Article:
I am descended from the dairy-men of Wisconsin, perhaps the most stubborn people in all the world. My father remembered getting electricity in the barn for the first time; in the mid-sixties. They only used one lightbulb because there was a fear that too much light would spook the cows. Years later, my father got eye surgery on only one eye, because he wanted to try it out for a year before he committed to this new-fangled Lasik thing and risked his good eye.
I must have inherited some level of that stubbornness because I did not immediately jump on the QR code bandwagon. It seems far too gimmicky, something put together to promote movies and sell coupons for laundry detergent. Certainly not something I could see being used I my classroom.
But my mind changed a little when I came across an issue last week where I wanted to easily link to a bunch of files on my Dropbox account. Dropbox added a great feature a few weeks ago that lets you share any file you have just by right-clicking it and selecting ‘get link.’ This is great for me, because now when I want to send videos or whole files to a group of people, I don’t have to muck around finding a website to host them all or even worry about if my audience has Dropbox.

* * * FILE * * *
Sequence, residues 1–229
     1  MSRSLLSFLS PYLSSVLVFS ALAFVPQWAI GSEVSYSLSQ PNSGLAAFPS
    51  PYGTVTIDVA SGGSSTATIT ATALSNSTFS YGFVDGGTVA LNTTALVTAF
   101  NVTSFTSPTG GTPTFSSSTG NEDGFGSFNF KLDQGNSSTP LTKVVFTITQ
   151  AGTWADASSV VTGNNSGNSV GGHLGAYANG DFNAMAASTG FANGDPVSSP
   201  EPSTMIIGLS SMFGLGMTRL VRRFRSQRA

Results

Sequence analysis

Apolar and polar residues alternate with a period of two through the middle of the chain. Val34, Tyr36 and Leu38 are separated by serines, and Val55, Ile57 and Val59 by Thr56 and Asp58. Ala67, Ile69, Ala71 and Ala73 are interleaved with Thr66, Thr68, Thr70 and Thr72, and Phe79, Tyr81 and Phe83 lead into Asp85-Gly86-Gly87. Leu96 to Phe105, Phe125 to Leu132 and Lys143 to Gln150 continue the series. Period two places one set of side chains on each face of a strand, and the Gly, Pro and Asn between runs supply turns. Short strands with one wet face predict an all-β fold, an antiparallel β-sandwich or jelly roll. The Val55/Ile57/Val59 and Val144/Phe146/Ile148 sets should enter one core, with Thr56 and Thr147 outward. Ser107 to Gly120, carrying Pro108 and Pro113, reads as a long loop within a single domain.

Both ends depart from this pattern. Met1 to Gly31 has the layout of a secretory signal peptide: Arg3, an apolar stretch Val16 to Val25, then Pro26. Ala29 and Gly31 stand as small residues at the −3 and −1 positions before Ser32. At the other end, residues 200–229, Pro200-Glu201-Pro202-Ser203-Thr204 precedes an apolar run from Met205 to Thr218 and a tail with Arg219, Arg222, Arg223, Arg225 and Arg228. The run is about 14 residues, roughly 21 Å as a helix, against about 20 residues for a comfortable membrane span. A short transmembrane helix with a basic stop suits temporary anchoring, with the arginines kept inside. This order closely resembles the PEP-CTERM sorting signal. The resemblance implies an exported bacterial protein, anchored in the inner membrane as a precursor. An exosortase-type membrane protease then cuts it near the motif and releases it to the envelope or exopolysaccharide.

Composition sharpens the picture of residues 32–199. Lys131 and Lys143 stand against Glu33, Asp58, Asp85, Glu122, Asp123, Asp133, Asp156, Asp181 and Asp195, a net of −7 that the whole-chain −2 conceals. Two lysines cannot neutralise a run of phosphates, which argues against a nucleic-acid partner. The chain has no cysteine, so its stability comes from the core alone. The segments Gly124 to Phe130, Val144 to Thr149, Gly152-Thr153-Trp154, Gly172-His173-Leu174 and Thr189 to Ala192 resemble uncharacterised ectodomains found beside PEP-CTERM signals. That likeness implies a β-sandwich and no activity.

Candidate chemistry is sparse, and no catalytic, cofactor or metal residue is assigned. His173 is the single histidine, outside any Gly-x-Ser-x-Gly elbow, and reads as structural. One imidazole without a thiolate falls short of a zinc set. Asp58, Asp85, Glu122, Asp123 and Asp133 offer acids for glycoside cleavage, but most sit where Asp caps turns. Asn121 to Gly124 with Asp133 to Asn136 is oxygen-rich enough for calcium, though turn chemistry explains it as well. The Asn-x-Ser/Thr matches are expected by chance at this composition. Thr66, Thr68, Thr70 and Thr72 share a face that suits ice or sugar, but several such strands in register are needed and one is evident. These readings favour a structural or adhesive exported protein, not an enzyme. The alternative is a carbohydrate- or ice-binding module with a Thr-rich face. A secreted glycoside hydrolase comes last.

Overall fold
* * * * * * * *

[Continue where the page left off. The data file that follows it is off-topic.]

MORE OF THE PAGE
The only problem is that the link to the file is really long, so long that I would have to email it or link it on my blog, not something that I could easily put on a business card or a worksheet. So then I turned to a great URL-shortening service called Goo.gl. It takes a long web address and makes it into a much, much shorter one. It also, for some reason, gives you a QR code. Copy and paste that code into a business card, put it into a PowerPoint, or attach it to a flyer, and you have instant file distribution. This comes in handy if you have a classroom full of iPads or other tablets in a BYOT (bring your own tech) environment. Want students to download today’s homework, or view a video? Using a shortened URL or a QR code can help make that easier.